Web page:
It was so obvious (especially being at the games) that a number of guys had NO IDEA what was going on pre snap. Guys were constantly screaming across the field and looked very confused...especially during the Raider game. I'm not blaming this on LeBeau's D being too complicated, I'm thinking more lack of prep/understanding of the game plan and/or adjustments.

birtikidis
01-31-2010, 08:50 PM
My wish would be for our D too be complicated enough to confuse opposing D's but not so complicated we have to keep old vets past their prime...

Troy is the biblical reference of what Bad Word Lebeau's D is...
He is like the second coming of Lebeau in a young athletic body...

But if Troy goes down again... we need to have a scaled down D... and if this scaled down D is toast because it's all base on Troy we have a problem.

I'm just hoping it was one of those perfect storms where losing Troy exposed our youth who are one year from being ready.
MY wish for our TEAM would be to have backups that are capable.
after we lost troy it was like we had reed playing safety. and not ed reed.
too many of our guys that are backups shouldn't even be in the league.

stlrz d
01-31-2010, 10:51 PM
Would guys like Keenan Lewis and Joe Burnett play better if the defensive scheme weren't so complicated? I think so...

Would Ziggy have made more plays earlier in the year if the assignments for the Steelers' DEs weren't so numerous? Perhaps...

To quote one of the greatest movie characters of all time, "Well that's like your opinion, man."

See, I can just as easily say they wouldn't have. The DBs were mid to late round picks. Ziggy was a project AND changing positions.


i can see both ides of the argumnt, and even started a thread on it refencing the green bay defense this past year with raji and clay mathews being big factors while playing a similiar defenive scheme.


the last rookies to make an immediate impact for the defense were hampton and KBell. ad that was before DL came back to coach with us.

i dont expect a 3rd (last pik of 3rd) lik lewis or a 5th lik burnett to contribute righ away, but find it a little puzzling why a top 2 rounder cant be a help right away

Green Bay is a bad example. They just switched to a 3-4 this year. And even though they just made that change Raji played in 14 of 16 games, starting only 1 of them and totaling only 25 tackles. He was taken 9th overall.

For Matthews, football is the family business and he's no typical rookie. His grandfather played in the NFL, his father played in the NFL as did his uncle. It's in their blood. Matthews not starting for the Packers would have been like Manning not starting for the Colts. And even for the first 3 games Matthews didn't start.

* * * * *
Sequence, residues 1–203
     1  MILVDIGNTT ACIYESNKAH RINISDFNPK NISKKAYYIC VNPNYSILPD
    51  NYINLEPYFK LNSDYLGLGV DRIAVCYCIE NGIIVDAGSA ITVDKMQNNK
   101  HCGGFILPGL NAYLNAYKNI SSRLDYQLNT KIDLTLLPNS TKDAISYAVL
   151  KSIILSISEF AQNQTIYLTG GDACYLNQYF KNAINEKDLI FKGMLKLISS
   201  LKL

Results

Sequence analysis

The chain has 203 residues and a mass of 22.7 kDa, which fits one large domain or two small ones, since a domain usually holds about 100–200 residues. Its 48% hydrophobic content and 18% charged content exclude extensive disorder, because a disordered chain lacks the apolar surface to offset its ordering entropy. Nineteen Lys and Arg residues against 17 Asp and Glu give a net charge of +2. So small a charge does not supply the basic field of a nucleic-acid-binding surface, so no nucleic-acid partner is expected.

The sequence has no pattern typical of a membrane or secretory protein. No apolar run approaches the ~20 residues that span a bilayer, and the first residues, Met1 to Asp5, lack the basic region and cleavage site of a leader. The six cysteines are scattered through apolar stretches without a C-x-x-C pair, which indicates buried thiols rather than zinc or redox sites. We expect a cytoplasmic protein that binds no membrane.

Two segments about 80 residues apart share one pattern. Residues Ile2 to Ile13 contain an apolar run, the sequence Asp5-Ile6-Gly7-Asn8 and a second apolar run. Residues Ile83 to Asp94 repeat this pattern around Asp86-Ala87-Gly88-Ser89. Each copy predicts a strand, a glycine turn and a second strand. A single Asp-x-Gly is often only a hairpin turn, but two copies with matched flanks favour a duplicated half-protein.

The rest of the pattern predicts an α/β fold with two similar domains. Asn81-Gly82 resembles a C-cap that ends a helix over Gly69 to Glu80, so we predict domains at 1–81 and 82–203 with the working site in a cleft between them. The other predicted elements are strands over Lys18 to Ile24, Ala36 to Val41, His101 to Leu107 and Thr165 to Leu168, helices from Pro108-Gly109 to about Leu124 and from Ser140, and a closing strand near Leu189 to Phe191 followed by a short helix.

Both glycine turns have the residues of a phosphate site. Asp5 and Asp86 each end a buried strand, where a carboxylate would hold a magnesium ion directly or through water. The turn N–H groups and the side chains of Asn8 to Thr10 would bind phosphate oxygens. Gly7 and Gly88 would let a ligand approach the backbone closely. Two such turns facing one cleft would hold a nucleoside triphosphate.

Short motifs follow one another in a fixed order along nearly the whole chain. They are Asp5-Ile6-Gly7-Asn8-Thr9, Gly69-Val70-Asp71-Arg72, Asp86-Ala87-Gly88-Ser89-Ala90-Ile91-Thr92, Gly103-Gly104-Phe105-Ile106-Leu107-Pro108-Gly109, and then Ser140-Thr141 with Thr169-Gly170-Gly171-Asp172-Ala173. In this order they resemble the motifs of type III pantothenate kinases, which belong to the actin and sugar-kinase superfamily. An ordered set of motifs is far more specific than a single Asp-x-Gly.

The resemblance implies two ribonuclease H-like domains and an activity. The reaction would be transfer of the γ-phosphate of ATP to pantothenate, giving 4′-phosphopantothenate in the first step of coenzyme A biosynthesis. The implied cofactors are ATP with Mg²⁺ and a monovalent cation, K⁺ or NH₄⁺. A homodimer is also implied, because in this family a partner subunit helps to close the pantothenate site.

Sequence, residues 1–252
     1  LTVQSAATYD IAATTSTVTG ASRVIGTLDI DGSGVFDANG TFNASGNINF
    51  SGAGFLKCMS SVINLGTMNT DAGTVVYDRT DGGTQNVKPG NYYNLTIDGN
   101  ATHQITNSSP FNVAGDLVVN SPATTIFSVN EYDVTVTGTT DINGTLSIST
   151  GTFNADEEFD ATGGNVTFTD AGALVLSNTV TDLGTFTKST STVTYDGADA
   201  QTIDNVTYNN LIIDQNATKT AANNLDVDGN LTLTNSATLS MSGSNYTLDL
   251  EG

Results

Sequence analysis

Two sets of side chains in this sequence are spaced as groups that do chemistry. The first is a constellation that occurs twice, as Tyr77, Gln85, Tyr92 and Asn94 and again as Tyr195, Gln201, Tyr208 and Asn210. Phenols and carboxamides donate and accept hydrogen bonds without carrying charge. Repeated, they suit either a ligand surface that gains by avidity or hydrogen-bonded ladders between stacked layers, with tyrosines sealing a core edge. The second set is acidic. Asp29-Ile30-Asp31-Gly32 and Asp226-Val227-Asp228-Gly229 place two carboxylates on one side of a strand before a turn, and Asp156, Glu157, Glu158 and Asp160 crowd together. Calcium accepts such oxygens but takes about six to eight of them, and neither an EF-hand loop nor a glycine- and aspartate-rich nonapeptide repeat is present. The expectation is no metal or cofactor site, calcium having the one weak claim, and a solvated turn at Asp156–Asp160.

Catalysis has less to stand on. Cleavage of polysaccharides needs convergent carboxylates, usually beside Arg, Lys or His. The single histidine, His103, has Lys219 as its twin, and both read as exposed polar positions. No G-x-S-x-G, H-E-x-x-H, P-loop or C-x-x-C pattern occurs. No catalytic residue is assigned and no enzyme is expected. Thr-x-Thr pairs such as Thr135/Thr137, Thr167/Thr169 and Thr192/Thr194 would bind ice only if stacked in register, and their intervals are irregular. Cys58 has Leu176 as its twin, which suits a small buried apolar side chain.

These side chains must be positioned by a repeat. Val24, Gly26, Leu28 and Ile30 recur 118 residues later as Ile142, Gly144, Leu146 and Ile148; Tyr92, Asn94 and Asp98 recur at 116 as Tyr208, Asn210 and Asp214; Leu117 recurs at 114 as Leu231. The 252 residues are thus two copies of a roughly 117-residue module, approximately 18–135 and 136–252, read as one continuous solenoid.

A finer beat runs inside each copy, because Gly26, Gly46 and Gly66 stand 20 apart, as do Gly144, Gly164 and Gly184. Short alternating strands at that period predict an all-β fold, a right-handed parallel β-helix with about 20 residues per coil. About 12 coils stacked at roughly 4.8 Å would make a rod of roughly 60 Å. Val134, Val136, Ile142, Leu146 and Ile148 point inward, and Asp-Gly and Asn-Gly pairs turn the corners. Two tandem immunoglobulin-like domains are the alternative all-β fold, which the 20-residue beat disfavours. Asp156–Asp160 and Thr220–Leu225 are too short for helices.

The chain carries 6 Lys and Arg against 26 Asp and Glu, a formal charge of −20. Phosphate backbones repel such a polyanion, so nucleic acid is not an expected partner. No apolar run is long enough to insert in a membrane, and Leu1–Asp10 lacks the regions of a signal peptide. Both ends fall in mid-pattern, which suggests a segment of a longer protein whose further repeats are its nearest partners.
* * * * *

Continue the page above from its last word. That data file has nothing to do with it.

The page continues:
~~~

This is the NFL. Offenses are complicated for every team. Defenses are complicated for every team. Some guys pick it up faster than others. That's the way it is. Our D has been consistently stellar for quite some time. It's hard for rookies to get PT in a situation like that. Look at how late we typically draft as well, and the fact that because our D is so good we can take "project" guys and there you have it.

NJ-STEELER
01-31-2010, 11:07 PM
Raji split time with pickett. in a constant rotation.


no i dont think the GB system is that much easier then ours.

for the most part, i believe if the Kid is that good (rookie year or not) he's going to see time on the field. for most of the players, there's a little adjustment period

birtikidis
01-31-2010, 11:10 PM
People make it sound like the vets are just gonna sit down and die after a rook is drafted.
these guys are in the NFL and VETERANS for a reason. it's because they're pretty darn good football players themselves.

feltdizz
01-31-2010, 11:30 PM
People make it sound like the vets are just gonna sit down and die after a rook is drafted.
these guys are in the NFL and VETERANS for a reason. it's because they're pretty darn good football players themselves.

Tyrone Carter being our best option to replace Troy is unnacceptable.

birtikidis
01-31-2010, 11:58 PM
People make it sound like the vets are just gonna sit down and die after a rook is drafted.
these guys are in the NFL and VETERANS for a reason. it's because they're pretty darn good football players themselves.

Tyrone Carter being our best option to replace Troy is unnacceptable.
oh i absolutely agree.
I wouldn't let carter serve me a burger at mcdonalds. I've said it once and I'll say it again, he is by far the worst professional athlete that i've seen.

Dee Dub
02-01-2010, 02:03 AM
...it took Aaron Smith a year to figure out what he was doing...

This isnt the only reason it took Smith time to become a starter. Smith came to the Steelers as a 4-3 DE who weighed 275lbs. He was considered a project when he was drafted by the Steelers. Now Ziggy Hood was evaluated by the Steelers and their scouts who many considered to be some of the best scouts in the NFL and they had him graded out as a player who was worthy of a late first round. Then it was written and said that in camp he was a fast learner, hard worker, and was progressing faster than had expected.

I personally would have like to have seen more of Ziggy than Travis Kirschke or Nick Eason. Whatever the learning curve or rookie mistakes would have been I think would have been balanced out by Ziggy's sheer tallent.

Slapstick
02-01-2010, 06:46 AM
Would guys like Keenan Lewis and Joe Burnett play better if the defensive scheme weren't so complicated? I think so...

Would Ziggy have made more plays earlier in the year if the assignments for the Steelers' DEs weren't so numerous? Perhaps...

To quote one of the greatest movie characters of all time, "Well that's like your opinion, man."